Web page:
by Sarah Foster
As a British woman with Caribbean heritage, watching events unfold in America and debates over statues of slaveowners from the past, I was reminded of my recent trip to the Gambia, where I went in search of the origins of the slave trade.
“The Arabs started it… The Portuguese followed in the footsteps of the Arabs…
More Europeans followed in the footsteps of the Portuguese…
No one came back. Only Alex Haley.”
Those were the haunting words of our tour guide, Lamin, as we, in seemingly unsuitable glamour, were returning by speed boat from Kunta Kinte island just off the coast of The Gambia. It is the place where many Africans from the 15th to 19th centuries last touched African soil. Perhaps even my own ancestors.
Haley’s 1976 novel Roots, popularized in the later explosive TV miniseries, memorialized his claimed ancestor, Kunta Kinte, who was violently captured on the African mainland and, in chains, sent to America via a European slave ship. It is mainly through his eyes that Roots tells the harrowing story of the trans-Atlantic slave trade. But the series left me with some nagging questions.
What led Europeans to enter the African slave trade in the 15th century? What were the prevailing attitudes that fostered such an inhuman practice? After all, Europe had been aware of Africa for centuries. The 6th century BC Greek philosopher, Anaximenes of Miletus, divided the world into Europe, Asia, and Libya (the word used then for Africa). So when did it become acceptable to start enslaving people merely on the basis of skin color?
“During the period immediately following the death of the Prophet [Muhammad] in 632 AD the great Islamic conquests took the new faith to vast areas of Asia and also of Africa. A new situation was created… The first of these is the narrowing, specializing, and fixing of color terms applied to human beings. In time, almost all disappear apart from “black,” “red,” and “white;” and theses become ethnic and absolute instead of personal and relative… Together with this specialization and fixing of color terms comes a very clear connotation of inferiority attached to darker and more specifically black skins.”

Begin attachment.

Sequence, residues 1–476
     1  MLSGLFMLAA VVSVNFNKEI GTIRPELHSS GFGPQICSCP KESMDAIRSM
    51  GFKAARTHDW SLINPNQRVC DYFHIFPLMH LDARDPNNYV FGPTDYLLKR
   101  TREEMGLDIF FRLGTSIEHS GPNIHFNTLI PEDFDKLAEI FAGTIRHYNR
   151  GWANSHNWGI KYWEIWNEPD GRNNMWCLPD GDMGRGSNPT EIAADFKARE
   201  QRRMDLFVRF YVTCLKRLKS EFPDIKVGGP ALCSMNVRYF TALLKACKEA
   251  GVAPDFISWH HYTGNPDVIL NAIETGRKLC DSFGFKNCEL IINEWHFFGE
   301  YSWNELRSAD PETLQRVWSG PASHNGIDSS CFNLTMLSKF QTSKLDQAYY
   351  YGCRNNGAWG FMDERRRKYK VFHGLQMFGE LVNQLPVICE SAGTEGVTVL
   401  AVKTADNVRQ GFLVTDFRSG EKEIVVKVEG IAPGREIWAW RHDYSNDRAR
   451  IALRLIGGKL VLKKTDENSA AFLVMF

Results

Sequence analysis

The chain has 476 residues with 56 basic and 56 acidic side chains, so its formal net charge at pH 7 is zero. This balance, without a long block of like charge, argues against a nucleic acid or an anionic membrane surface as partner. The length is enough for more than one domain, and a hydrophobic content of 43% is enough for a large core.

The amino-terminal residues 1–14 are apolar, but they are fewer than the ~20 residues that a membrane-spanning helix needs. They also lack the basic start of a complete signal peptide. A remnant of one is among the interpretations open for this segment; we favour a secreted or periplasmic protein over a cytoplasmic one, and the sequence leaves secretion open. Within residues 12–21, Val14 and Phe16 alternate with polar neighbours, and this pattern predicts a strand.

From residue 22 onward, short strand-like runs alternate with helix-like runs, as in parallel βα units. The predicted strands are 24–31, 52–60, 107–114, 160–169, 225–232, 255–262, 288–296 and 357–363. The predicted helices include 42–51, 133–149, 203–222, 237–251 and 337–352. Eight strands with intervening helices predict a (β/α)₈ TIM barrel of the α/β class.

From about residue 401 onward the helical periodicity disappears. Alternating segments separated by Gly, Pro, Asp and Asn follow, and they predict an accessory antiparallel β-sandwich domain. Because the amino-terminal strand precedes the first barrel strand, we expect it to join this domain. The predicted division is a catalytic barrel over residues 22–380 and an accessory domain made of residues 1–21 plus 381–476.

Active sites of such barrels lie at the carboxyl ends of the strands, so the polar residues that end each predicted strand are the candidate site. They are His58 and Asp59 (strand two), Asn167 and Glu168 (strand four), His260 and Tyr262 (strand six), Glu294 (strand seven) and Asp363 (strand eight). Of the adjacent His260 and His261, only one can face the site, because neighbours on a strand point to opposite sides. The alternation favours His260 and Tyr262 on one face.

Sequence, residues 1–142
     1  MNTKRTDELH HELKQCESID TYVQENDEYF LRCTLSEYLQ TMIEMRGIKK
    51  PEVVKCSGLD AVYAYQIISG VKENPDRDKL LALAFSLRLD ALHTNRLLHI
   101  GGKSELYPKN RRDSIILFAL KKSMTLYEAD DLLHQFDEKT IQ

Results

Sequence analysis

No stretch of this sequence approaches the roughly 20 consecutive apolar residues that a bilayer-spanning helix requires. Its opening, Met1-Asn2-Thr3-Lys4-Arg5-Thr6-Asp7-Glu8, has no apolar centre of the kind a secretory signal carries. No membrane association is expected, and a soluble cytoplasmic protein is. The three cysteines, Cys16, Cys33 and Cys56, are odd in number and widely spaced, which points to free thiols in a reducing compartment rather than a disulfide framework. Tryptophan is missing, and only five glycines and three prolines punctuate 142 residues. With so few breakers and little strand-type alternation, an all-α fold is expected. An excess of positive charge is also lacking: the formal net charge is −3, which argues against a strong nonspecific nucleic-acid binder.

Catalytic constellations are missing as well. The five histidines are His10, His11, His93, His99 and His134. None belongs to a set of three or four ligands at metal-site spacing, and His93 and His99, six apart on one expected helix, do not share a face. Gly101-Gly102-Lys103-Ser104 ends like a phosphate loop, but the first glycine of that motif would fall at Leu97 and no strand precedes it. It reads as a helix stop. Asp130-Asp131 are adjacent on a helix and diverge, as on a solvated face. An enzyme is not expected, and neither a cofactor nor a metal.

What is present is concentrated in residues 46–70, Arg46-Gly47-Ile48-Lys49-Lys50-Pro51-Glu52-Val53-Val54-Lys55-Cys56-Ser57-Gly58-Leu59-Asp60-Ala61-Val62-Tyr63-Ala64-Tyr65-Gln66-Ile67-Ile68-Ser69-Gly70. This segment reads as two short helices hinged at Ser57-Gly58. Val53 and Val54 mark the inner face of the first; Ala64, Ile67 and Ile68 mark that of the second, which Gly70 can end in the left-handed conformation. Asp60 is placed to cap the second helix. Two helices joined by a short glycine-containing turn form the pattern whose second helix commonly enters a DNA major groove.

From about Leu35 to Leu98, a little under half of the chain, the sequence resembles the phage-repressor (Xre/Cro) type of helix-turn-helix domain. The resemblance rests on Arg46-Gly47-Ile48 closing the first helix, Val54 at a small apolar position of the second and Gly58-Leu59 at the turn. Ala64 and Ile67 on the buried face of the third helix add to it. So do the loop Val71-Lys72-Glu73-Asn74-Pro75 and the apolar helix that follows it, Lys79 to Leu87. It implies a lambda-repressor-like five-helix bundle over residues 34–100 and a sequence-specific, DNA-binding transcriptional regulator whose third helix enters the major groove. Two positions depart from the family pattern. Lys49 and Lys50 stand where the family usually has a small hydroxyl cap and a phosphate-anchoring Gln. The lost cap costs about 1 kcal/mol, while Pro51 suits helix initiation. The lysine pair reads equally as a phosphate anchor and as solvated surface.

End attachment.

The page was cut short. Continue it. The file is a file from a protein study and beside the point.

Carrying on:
This change, and the frequent dubious “Curse of Ham” references we see in early Islamic literature, go some way to explain the later New World slaveholder attitudes that develop:
Back in the 11th century, Islamic theologian, Ibn Sina, wrote:
“[Blacks are] people who are by their very nature slaves.”
The 13th century saw respected Shia scholar, al-Tusi, surmise:
“…the Negro does not differ from an animal in anything except the fact that his hands have been lifted from the earth.”
This view was repeated, almost verbatim, five hundred years later by English slave owner, Edward Long, in his History of Jamaica (1774). Three hundred years before Long, and over a hundred years before the start of the trans-Atlantic slave trade, we find the famous 14th century Sunni scholar, Ibn Khaldun, who some have called the Father of Sociology, stating:
“…the Negro nation are, as a rule, submissive to slavery, because [Negroes] have little [that is essentially] human and have attributes that are quite similar to those of dumb animals… They cannot be considered human beings.”
Now, like all things in life, there are complexities, anomalies, and nuances that would deny a simplistic narrative, however one thing is certain: the trans-Atlantic slave trade was a continuation and expansion of an already thriving Arab enterprise. Further, the trans-Saharan trade long outlived and, in terms of African victims, outnumbered its European counterpart.
SOURCE: Christian Post